And more on how their relationship matures over time, all the arguments they have, from their opinions on marriage, when Barack wanted to involve in politics, when they had difficulty to be pregnant, when Barack was too busy with his work when running for president and he had to balance between a husband, a father and a politician, or the time they needed to go to marriage counselor. It just relates to any other normal relationship – I think. And I learn for a relationship to work, it needs the efforts from both sides, and love is the foundation of any relationship – but to make it work, it requires more than that.

Michelle’s job changing

“My father was just fifty-five when he died. Suzanne had been twenty-six. The lesson there was simple: Life is short and not to be wasted. If I died, I didn’t want people remembering me for the stacks of legal briefs I’d written or the corporate trademarks I’d helped defend. I felt certain that I had something more to offer the world. It was time to make a move.”

So why wait? Why settling for something that you know in another 20-30 years, you will regret? “Life is short and not to be wasted” – Someone always reminds me this.

“.. He acknowledged that there was no way we could predict how exactly we’d manage things, given that neither of us wanted to be locked into the comfortable predictability of a lawyer’s life. But the bottom line was that we were far from poor and our future was promising, maybe even more promising for the fact that it couldn’t be easily planned.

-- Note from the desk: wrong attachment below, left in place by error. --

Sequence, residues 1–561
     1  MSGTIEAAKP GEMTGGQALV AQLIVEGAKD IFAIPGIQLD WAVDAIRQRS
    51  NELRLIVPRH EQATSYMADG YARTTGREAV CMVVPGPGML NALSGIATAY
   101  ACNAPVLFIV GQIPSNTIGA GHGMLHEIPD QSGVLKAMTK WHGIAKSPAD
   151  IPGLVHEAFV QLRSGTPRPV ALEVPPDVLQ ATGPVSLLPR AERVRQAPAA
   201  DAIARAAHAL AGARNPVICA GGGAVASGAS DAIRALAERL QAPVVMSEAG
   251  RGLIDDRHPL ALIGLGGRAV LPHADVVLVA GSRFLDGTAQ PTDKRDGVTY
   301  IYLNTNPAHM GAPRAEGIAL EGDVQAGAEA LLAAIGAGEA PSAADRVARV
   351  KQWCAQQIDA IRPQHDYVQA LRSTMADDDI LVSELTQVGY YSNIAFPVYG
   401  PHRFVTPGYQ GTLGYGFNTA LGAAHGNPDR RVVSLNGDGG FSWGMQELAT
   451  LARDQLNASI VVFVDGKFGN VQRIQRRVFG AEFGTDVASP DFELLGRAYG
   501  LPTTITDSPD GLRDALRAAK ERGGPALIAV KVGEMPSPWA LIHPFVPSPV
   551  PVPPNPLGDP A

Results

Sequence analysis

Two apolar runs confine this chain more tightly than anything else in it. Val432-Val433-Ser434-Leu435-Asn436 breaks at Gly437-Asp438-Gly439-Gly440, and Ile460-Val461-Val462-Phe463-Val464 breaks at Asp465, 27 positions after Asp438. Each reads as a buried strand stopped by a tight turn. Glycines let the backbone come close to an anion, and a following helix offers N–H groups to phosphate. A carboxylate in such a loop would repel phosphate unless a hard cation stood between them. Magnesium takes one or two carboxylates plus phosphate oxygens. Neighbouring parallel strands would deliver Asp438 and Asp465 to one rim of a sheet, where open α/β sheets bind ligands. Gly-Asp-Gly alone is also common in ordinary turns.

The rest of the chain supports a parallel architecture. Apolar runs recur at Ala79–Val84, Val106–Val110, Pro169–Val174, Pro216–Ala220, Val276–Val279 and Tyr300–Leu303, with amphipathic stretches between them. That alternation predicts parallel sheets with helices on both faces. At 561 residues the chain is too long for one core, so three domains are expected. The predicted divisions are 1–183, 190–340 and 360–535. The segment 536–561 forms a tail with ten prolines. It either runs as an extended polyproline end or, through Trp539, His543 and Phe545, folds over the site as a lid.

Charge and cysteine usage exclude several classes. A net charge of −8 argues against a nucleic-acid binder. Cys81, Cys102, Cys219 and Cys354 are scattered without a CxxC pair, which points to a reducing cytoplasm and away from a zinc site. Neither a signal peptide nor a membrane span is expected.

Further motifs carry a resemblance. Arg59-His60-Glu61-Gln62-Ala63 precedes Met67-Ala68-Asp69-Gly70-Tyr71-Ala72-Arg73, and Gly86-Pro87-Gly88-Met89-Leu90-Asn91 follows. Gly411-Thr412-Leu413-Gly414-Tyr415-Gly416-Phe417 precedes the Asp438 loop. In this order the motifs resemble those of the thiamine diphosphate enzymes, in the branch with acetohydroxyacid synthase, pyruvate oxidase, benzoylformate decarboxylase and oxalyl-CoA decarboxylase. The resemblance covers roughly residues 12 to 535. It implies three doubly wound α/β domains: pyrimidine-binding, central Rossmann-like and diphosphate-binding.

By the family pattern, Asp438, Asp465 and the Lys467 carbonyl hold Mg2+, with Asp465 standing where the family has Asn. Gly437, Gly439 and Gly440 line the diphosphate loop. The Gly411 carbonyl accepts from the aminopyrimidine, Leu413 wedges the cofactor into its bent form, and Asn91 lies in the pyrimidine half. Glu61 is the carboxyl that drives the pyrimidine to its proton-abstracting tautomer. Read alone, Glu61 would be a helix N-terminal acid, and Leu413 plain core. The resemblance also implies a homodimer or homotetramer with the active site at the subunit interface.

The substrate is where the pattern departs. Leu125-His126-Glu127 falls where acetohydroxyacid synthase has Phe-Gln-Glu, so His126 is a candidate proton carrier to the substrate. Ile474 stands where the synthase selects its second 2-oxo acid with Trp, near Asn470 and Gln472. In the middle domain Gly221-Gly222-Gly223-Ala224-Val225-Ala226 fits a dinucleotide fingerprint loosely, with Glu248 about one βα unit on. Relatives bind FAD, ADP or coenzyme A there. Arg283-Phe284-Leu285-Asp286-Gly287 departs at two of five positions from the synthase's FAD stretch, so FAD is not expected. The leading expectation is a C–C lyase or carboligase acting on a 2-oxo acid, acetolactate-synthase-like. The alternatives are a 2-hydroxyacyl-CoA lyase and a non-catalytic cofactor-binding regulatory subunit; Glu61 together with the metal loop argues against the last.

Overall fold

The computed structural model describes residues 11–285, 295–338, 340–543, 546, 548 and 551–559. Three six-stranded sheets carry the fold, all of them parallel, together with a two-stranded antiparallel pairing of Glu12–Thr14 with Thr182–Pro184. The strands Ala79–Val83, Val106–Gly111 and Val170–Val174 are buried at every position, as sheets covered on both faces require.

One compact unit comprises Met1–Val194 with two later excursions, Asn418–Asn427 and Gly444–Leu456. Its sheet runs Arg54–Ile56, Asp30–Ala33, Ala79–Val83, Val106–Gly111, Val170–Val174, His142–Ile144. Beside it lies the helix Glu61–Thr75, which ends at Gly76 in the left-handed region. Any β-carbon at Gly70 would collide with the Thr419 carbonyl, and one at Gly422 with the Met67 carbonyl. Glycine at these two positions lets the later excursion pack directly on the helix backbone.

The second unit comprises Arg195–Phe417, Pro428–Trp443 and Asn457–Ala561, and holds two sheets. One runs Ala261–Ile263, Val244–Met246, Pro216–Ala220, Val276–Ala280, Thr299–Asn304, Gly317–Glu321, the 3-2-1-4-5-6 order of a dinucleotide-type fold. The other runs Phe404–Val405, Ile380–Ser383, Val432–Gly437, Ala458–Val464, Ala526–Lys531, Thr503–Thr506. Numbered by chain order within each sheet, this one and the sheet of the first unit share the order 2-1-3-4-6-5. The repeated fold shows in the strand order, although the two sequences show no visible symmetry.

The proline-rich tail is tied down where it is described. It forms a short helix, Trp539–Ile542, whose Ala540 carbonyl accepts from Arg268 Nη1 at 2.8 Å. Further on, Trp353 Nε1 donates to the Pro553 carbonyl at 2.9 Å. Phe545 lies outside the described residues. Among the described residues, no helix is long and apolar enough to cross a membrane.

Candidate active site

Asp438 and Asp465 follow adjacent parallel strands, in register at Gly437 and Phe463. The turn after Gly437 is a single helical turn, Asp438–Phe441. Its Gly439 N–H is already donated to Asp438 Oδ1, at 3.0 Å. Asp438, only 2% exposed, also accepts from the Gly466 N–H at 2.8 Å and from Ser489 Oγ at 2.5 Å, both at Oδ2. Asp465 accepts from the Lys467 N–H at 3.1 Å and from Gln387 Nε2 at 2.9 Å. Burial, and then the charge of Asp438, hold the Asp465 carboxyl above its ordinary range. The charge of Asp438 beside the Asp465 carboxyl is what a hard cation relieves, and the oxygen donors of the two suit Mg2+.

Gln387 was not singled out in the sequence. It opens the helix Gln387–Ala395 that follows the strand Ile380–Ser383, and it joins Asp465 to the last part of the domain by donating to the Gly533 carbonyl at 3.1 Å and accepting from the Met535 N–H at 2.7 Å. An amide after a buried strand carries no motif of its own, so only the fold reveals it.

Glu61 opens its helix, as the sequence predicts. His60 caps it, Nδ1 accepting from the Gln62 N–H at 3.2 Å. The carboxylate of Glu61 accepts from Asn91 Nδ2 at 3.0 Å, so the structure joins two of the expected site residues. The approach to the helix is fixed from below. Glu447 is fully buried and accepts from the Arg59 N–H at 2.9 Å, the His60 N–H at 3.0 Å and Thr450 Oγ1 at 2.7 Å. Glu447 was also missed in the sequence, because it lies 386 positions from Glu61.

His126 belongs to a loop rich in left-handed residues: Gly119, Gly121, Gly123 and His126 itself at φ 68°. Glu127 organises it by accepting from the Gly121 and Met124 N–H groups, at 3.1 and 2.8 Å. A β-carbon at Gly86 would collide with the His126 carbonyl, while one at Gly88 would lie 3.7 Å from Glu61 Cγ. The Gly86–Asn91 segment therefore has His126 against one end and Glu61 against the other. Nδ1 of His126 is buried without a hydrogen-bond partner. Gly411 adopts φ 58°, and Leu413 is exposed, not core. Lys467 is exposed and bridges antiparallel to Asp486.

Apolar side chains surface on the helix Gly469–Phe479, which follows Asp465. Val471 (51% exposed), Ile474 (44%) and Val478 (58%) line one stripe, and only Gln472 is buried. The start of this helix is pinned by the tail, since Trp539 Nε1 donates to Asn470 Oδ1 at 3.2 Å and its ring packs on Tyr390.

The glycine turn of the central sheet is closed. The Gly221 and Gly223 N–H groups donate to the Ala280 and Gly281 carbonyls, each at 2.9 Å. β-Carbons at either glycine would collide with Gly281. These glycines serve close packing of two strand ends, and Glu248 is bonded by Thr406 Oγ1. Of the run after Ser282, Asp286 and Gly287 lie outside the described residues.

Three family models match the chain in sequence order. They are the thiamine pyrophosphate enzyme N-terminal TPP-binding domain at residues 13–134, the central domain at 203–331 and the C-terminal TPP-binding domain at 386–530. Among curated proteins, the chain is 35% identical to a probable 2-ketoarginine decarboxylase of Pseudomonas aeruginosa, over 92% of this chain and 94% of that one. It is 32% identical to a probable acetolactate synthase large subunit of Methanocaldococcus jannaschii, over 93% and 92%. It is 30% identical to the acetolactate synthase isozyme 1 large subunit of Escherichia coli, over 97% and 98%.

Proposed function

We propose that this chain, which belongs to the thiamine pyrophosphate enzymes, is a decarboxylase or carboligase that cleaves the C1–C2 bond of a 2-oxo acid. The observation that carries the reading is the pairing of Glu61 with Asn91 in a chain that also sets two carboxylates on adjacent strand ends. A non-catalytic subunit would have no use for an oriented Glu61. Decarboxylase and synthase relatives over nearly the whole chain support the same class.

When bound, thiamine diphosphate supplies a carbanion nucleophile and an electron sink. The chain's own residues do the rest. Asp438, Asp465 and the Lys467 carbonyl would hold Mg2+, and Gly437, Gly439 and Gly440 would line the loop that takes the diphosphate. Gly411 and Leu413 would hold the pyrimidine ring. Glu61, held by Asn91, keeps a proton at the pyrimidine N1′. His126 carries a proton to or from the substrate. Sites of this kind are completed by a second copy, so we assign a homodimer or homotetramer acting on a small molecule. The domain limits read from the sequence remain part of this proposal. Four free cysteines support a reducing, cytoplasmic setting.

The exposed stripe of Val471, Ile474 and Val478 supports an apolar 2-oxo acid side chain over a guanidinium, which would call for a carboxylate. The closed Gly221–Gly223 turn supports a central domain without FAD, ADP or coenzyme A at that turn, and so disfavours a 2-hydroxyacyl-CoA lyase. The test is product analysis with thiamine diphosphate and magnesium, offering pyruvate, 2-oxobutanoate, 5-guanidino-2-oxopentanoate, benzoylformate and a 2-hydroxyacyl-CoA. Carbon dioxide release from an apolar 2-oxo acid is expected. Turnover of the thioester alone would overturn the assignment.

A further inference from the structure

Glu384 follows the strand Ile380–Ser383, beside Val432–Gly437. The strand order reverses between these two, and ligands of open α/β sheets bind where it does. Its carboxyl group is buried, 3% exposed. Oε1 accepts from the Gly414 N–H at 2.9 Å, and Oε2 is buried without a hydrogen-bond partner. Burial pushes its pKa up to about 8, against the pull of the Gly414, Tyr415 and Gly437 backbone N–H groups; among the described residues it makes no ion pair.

His was the lone voice telling me to just go for it, to erase the worries and go toward whatever I thought would make me happy. – The unknown wasn’t going to kill me.

Don’t worry, Barack was saying. You can do this. We’ll figure it out.

The unknown wasn’t going to kill you. Remember this.

Michelle’s in her choice between career and family

“My considerable blessings in life were now causing a kind of psychic whiplash. I’d been raised to be confident and see no limits, to believe I could go after and get absolutely anything I wanted. And I wanted everything. Because, as Suzanne would say, why not? I wanted to live with the hat-tossing, independent-career-woman zest of Mary Tyler Moore, and at the same time I gravitated toward the stabilizing, self-sacrificing, seemingly bland normalcy of being a wife and a mother. I wanted to have a work life and a home life, but with some promise that one would never fully squelch the other. I hoped to be exactly like my own mother and at the same time nothing like her at all. It was an odd and confounding thing to ponder. Could I have everything? Would I have everything? I had no idea.”

This may be the thing that almost every woman struggles in herself. The balance between work life and home life. Like us, Michelle also faces with this struggle. She used to have no idea. But time passes, we thought we could not, but I believe when we put ourselves in this situation, we would find a way. Like Barack said, “You can do this. We’ll figure it out.”

Michelle’s last words in her book

“Let’s invite one another in. Maybe we can better embrace the ways we are the same. It’s not about being perfect. It’s not about where you get yourself in the end. There’s power in allowing yourself to be known and heard, in owning your unique story, in using your authentic voice. And there’s grace in being willing to know and hear others. This, for me, is how we become.”

I believe the same. Every person has her own story – to be told and to be heard. Embrace yourself to be vulnerable, to be more open, to be more compassionate – to understand our differences, and we find the grace and wonder in that.